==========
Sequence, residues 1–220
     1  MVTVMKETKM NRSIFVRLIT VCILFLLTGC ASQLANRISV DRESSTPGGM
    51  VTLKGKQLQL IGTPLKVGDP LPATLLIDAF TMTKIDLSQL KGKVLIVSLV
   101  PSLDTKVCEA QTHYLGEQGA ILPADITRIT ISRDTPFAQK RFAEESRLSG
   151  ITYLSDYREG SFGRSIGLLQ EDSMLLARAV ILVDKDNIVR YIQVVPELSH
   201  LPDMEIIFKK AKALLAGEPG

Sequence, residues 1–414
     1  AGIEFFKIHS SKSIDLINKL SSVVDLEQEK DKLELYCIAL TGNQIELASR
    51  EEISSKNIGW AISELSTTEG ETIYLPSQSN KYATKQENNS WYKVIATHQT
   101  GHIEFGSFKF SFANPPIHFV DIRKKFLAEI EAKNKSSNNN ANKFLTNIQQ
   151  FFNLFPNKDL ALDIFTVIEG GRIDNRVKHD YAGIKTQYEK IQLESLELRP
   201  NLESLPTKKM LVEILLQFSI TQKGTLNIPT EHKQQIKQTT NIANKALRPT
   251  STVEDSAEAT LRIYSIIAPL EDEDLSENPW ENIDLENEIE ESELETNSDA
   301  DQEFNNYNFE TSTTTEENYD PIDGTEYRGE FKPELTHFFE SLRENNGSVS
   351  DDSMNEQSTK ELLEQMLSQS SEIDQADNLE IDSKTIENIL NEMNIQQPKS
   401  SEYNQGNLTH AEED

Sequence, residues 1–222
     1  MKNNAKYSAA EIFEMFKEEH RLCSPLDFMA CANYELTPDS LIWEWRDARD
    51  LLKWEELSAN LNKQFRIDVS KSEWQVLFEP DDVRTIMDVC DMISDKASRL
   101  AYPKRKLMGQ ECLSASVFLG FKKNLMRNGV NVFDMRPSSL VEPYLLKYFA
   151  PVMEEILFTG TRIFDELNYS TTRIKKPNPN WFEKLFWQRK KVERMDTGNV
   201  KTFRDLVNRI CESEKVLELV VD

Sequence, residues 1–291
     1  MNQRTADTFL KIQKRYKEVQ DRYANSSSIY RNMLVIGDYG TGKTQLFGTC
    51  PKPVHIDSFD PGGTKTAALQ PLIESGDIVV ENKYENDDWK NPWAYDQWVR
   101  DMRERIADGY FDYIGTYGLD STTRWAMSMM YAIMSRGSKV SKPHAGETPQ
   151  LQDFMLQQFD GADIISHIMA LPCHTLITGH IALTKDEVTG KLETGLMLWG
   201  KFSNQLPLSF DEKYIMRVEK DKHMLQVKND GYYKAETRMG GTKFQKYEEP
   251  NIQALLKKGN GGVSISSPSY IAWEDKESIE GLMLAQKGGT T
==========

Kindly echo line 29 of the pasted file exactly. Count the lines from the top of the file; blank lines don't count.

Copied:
   251  NIQALLKKGN GGVSISSPSY IAWEDKESIE GLMLAQKGGT T